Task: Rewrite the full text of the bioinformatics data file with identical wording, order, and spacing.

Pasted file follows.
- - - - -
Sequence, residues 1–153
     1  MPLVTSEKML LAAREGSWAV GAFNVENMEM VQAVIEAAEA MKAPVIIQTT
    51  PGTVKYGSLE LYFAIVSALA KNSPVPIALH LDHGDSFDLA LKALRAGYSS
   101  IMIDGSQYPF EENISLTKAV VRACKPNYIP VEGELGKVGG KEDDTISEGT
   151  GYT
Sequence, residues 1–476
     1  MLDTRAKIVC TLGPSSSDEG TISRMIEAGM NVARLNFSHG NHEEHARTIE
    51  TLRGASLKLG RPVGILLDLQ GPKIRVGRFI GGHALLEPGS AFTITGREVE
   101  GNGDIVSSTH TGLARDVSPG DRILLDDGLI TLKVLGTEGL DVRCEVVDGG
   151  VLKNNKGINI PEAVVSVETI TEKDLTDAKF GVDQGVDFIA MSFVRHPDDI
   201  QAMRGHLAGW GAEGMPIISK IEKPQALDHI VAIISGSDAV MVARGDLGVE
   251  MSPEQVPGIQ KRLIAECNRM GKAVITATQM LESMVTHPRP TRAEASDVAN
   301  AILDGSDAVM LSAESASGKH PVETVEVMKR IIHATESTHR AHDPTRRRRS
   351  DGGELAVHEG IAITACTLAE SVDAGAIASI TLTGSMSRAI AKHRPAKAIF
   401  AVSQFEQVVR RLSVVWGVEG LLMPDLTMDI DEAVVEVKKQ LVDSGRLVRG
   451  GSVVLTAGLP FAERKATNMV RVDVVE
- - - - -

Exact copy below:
Sequence, residues 1–153
     1  MPLVTSEKML LAAREGSWAV GAFNVENMEM VQAVIEAAEA MKAPVIIQTT
    51  PGTVKYGSLE LYFAIVSALA KNSPVPIALH LDHGDSFDLA LKALRAGYSS
   101  IMIDGSQYPF EENISLTKAV VRACKPNYIP VEGELGKVGG KEDDTISEGT
   151  GYT
Sequence, residues 1–476
     1  MLDTRAKIVC TLGPSSSDEG TISRMIEAGM NVARLNFSHG NHEEHARTIE
    51  TLRGASLKLG RPVGILLDLQ GPKIRVGRFI GGHALLEPGS AFTITGREVE
   101  GNGDIVSSTH TGLARDVSPG DRILLDDGLI TLKVLGTEGL DVRCEVVDGG
   151  VLKNNKGINI PEAVVSVETI TEKDLTDAKF GVDQGVDFIA MSFVRHPDDI
   201  QAMRGHLAGW GAEGMPIISK IEKPQALDHI VAIISGSDAV MVARGDLGVE
   251  MSPEQVPGIQ KRLIAECNRM GKAVITATQM LESMVTHPRP TRAEASDVAN
   301  AILDGSDAVM LSAESASGKH PVETVEVMKR IIHATESTHR AHDPTRRRRS
   351  DGGELAVHEG IAITACTLAE SVDAGAIASI TLTGSMSRAI AKHRPAKAIF
   401  AVSQFEQVVR RLSVVWGVEG LLMPDLTMDI DEAVVEVKKQ LVDSGRLVRG
   451  GSVVLTAGLP FAERKATNMV RVDVVE